Album Review: Big Thief, ‘Dragon New Warm Mountain I Believe in You’

    Something about the most acclaimed indie record in recent memory should be ever so slightly aggravating. Coming from a band that named their first album Masterpiece, you would expect the apparent seriousness of Big Thief’s ambition to be their biggest problem; now, they’ve followed up their pair of excellent 2019 releases, U.F.O.F. and Two Hands, with a rambling, 20-song double LP titled Dragon New Warm Mountain I Believe in You. But the thing that might throw some people off this time around is not how big of an achievement they’re trying to make, but how goofy and childlike their approach often sounds, how Adrianne Lenker’s meditations on the universe can feel both dorky and profound. On multiple occasions, the band leans so heavily on the hillbilly aesthetic that it almost makes everything seem like a giant joke. For any other group, this kind of move might suggest they’ve lost sight of what makes them great, that they finally went too far. For Big Thief, it means exploring how different sides of their identity can coexist within the same space. What they’ve come up with is nothing short of astounding.

    It’s hard to explain how naturally Big Thief’s earnestness and playful humour manifest on Dragon New Warm Mountain I Believe in You, but ‘Spud Infinity’ offers a great example. A country tune complete with fiddle and harmony vocals courtesy of Twain’s Mat Davidson as well as jaw harp played by Lenker’s brother Noah, the track would seem to border on parody, but the jubilant atmosphere is the very thing that opens it up: Lenker’s philosophizing grows more and more absurd, relating “celestial” to “extraterrestrial” and throwing in references to garlic bread and potato knish before allowing a poignant message to come through: “When I say infinity I mean now/ Kiss the one you are right now.” More than ever, it’s a joy to follow Lenker’s unselfconscious flow of words, how her different inclinations as a writer join in the same dance, as if spurred on by the freedom the group has embraced. Her poetry feels equally distinct when reflecting on the nature of the cosmos (‘Time Escaping’), evoking the scariness of love (‘Little Things’), or observing ordinary activities (‘Certainty’), constantly aware and in awe of how time passes and everything is connected.

    But if the sense of existential mystery that pervades the record is familiar, it’s juxtaposed by a kind of unburdened confidence and simplicity that’s new to Big Thief. It flows through ‘Change’, which makes for an excellent opener as it probes questions of death and personal heartbreak but frames them through the carefree perspective of a child. ‘Sparrow’, a biblical allegory in which four successive lines end with the word “apple”, appears to follow a similar structure, but the effect is much darker. Listening to Big Thief at their loosest can no doubt be a comfort, but they also have a subtle way of upending expectations by avoiding the easy trappings of whatever style they’re taking on. When they draw from electronic music, like on ‘Blurred View’ or ‘Wake Me Up to Drive’, it’s not to diversify their palette as much as accentuate elements ­– whether hypnotic, meditative, or cavernous – that are already present in the music.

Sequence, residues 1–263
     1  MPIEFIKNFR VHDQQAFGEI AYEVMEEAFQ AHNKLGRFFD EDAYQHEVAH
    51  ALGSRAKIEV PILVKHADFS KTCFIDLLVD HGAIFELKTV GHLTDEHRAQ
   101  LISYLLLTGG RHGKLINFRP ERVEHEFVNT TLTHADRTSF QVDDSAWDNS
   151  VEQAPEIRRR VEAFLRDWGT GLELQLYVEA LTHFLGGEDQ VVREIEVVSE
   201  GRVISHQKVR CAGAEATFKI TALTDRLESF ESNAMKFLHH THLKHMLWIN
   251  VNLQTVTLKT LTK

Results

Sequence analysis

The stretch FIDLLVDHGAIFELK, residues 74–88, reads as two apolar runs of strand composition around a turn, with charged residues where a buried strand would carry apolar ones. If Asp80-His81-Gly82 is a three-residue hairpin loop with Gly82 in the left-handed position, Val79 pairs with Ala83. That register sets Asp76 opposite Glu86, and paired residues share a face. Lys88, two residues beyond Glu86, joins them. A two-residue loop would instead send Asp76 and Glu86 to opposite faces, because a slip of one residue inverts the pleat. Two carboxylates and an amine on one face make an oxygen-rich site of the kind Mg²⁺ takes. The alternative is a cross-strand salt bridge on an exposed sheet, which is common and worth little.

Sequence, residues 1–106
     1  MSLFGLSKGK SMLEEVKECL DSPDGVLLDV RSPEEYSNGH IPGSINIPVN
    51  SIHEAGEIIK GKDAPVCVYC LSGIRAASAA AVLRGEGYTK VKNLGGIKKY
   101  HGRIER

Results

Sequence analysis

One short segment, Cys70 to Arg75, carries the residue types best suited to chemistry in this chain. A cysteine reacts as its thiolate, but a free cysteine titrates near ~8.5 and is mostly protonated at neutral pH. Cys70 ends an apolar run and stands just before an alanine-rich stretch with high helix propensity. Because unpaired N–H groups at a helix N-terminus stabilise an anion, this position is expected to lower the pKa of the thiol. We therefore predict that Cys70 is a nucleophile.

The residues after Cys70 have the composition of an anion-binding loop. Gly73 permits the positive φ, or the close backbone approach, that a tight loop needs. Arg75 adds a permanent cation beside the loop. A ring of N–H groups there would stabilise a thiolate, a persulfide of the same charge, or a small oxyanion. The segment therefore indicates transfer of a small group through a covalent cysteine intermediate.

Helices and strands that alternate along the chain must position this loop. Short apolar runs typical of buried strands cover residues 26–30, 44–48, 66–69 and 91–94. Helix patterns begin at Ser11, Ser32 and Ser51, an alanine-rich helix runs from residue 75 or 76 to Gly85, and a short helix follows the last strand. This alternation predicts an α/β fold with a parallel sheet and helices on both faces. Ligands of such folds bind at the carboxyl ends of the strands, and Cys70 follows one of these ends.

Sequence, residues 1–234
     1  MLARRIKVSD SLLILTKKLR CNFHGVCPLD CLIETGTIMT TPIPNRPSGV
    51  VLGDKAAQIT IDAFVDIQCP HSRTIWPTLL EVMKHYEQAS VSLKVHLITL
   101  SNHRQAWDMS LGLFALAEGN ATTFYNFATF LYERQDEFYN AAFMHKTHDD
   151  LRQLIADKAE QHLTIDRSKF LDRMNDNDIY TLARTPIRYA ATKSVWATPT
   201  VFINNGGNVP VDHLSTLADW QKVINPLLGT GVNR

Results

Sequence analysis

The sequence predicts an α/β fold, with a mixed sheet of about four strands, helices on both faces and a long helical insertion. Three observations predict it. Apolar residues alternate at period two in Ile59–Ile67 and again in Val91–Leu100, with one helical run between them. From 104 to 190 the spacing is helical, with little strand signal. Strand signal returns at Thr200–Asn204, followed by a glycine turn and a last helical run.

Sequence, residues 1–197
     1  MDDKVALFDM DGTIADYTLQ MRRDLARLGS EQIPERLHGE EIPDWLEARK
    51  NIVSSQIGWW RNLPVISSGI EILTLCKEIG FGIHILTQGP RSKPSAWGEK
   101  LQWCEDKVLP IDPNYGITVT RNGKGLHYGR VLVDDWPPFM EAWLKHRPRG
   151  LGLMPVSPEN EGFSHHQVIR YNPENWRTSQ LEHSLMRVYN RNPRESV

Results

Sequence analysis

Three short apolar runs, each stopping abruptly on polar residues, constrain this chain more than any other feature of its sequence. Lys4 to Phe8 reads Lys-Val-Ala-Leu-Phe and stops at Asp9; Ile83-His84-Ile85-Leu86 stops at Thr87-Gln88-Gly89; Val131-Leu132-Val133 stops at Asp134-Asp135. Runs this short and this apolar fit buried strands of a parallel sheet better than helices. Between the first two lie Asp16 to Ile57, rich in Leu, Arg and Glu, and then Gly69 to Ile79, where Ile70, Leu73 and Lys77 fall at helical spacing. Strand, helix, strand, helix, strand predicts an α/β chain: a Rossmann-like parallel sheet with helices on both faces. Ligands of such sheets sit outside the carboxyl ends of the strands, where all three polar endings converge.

The closer you listen, the more the album’s wild, sweeping gestures – the silly country rock of ‘Red Moon’, the patient contemplation of ‘Heavy Bend’, the intense yearning of ‘Love Love Love’ – seem connected by the band’s collaborative instincts, a willingness to stretch the homespun intimacy and openness that might have marked a single track across a wide range of moods. In pitching the idea for the album, drummer James Krivchenia, who is also credited as its producer, asked the question: “How do we maintain focus while recording and yet allow ourselves the freedom to explore dozens of songs without getting lost in the process?” Part of the answer came in recording the album in four different locations with four different engineers, and while you can point out the aesthetic variation between each session, the group has smartly disorganized the tracklist, so what’s mesmerizing is not some false narrative but the mystical quality that binds them together. Big Thief do in fact get a little bit lost, but it’s in that process that they end up finding themselves. To quote ‘The Only Place’, the goal is to “build that question as a house/ Where we’d reside.”

    In his bio for the album, Davidson references a quote by Rainer Maria Rilke: “Works of art are of an infinite loneliness and with nothing so little to be reached as with criticism. Only love can grasp and hold and be just toward them.” I think about the words infinite loneliness, how closely they’re intertwined with love, and how, for as epic and masterful a statement as it is, the album keeps staring back into that void. Some of the its most striking moments, like ‘The Only Place’ and ‘Promise Is a Pendulum’, come when the band gives Lenker the space to be alone at her acoustic guitar, but the energy shifts when they fall into darkness together. “When you find the lonely tower/ Climb inside the darkest room/ Feel afraid, surrender your power,” she sings on ‘Flowers of Blood’, swaddled in layers of feedback. It’s the heaviest, fiercest song on the album, yet also gentle, hazy, and palpably intimate. In Lenker’s writing, aloneness is a universal condition, maybe even an inevitable destination, and Big Thief have never made it feel so infinite and timeless as on Dragon. It’s something to share and find your way around, with fear and love, forever and now.

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